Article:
A large, wholesale grocery business enlisted MDRG to explore the purchasing journey of coffee consumers. Within that journey, they wanted to know how branding impacts their decision process, and, ultimately, how purchase decisions are made.
MDRG conducted a mobile ethnography study. This included 23 telephone in-depth interviews before and 23 telephone in-depth interviews after the mobile ethnography component. Half the respondents were from the New Orleans market, and the other half were from the other key markets in the South.
Initial interviews were conducted to draw out the initial findings and engage participants. The mobile ethnography then built upon those findings by allowing participants to share their coffee buying and drinking experiences in-the-moment. Through a mobile app, these respondents delivered videos, photos, and texts that provided intimate glimpses into their attitudes and behaviors. After the two-week mobile ethnography period, we conducted another set of interviews to follow-up on the behaviors and habits we had observed.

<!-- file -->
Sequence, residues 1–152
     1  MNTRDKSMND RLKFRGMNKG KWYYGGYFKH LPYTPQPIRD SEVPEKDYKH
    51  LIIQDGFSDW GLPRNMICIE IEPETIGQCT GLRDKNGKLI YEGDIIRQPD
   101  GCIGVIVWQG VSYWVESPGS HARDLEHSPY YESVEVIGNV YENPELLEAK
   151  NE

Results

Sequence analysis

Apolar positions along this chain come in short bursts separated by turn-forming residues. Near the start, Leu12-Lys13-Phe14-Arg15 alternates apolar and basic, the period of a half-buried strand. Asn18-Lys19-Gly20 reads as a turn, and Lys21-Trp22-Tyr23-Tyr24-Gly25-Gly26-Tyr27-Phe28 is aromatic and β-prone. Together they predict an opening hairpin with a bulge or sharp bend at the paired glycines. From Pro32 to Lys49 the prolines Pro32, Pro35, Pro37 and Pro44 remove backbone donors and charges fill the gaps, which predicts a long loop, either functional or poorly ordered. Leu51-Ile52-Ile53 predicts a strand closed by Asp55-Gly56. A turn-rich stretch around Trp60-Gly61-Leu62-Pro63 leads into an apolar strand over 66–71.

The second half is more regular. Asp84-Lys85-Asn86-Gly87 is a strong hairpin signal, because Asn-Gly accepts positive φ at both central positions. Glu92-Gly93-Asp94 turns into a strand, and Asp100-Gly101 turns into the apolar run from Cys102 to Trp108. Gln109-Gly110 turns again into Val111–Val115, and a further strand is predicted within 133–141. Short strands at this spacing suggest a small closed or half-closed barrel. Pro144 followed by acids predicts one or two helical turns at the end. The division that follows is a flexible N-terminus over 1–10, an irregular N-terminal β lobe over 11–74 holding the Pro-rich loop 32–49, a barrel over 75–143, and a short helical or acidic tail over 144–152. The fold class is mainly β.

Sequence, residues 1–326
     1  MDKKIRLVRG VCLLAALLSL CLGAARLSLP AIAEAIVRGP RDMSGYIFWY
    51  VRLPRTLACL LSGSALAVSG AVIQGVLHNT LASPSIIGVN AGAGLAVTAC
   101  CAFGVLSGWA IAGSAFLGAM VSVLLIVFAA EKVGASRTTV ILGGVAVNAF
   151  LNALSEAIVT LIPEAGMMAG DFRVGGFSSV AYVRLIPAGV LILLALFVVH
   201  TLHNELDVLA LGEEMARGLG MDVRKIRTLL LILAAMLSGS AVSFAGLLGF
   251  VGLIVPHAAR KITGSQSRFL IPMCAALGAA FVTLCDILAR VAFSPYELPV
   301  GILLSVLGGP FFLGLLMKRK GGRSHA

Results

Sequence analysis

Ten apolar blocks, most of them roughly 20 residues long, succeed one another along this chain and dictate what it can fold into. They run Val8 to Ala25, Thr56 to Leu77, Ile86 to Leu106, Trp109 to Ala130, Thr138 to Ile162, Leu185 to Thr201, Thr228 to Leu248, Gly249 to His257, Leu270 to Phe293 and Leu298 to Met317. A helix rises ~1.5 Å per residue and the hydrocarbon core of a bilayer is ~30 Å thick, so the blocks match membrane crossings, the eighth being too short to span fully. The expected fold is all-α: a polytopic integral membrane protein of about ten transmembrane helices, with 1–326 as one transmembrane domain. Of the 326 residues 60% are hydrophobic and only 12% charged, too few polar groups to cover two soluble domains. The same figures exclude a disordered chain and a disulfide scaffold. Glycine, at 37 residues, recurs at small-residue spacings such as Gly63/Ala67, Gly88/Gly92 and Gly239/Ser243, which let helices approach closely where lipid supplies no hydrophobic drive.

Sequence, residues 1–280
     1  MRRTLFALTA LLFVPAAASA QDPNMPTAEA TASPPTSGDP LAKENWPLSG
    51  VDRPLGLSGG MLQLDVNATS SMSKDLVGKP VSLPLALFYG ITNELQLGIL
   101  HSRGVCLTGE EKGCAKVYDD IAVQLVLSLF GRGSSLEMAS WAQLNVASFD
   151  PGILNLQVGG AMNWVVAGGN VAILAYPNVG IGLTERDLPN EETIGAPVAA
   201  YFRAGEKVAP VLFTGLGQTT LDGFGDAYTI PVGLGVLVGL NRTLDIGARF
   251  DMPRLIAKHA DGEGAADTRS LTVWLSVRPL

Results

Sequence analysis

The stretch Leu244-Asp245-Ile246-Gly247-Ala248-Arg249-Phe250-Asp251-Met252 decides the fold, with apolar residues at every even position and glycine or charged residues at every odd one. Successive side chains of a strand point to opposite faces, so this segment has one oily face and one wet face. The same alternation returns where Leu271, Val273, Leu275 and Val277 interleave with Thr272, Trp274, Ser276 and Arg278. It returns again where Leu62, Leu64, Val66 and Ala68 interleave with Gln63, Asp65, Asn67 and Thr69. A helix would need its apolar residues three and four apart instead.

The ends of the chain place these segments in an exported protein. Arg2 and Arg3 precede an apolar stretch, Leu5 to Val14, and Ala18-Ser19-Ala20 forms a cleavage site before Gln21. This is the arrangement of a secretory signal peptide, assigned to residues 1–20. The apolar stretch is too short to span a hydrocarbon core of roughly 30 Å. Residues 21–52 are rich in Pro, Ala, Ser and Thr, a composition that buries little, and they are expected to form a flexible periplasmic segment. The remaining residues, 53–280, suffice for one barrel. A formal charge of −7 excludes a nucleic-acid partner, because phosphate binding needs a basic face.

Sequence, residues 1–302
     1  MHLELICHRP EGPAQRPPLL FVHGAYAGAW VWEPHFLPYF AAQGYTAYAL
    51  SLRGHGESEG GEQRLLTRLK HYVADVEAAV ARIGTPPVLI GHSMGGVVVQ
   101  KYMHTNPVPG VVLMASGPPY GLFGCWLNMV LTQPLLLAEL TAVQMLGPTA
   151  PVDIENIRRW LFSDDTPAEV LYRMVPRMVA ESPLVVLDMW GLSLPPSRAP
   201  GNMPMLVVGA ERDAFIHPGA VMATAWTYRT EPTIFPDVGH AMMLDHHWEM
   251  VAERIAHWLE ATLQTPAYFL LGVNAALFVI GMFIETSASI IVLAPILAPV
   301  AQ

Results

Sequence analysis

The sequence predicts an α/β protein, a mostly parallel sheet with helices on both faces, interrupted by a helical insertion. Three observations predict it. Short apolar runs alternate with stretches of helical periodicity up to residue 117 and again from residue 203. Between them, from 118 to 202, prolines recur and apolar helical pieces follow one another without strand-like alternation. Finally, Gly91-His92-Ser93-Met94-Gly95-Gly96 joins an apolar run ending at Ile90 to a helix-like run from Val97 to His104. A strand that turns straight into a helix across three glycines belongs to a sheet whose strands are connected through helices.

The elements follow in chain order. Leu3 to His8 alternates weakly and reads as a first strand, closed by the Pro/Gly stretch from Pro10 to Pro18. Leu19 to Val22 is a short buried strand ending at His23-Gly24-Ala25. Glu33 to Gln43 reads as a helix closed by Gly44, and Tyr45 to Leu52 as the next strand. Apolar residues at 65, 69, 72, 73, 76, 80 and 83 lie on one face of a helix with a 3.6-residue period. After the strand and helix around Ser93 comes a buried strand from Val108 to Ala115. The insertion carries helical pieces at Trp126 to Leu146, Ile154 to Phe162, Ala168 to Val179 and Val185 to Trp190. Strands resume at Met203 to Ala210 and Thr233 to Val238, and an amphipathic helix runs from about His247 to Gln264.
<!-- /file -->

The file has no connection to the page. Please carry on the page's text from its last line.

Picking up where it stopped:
Our research indicated that coffee purchases are regular rituals that are difficult for brands to disrupt – and yet there were opportunities in the market for our client to cultivate brand loyalty.
Our research showed that preferences for local brands are tied to assumptions of quality and ethics.
We discovered that consumers tend to be most loyal to brands they had been exposed to in social settings – work, school, etc.
Though our client’s coffee packaging was appealing to consumers, they were more visually drawn to a primary competitor.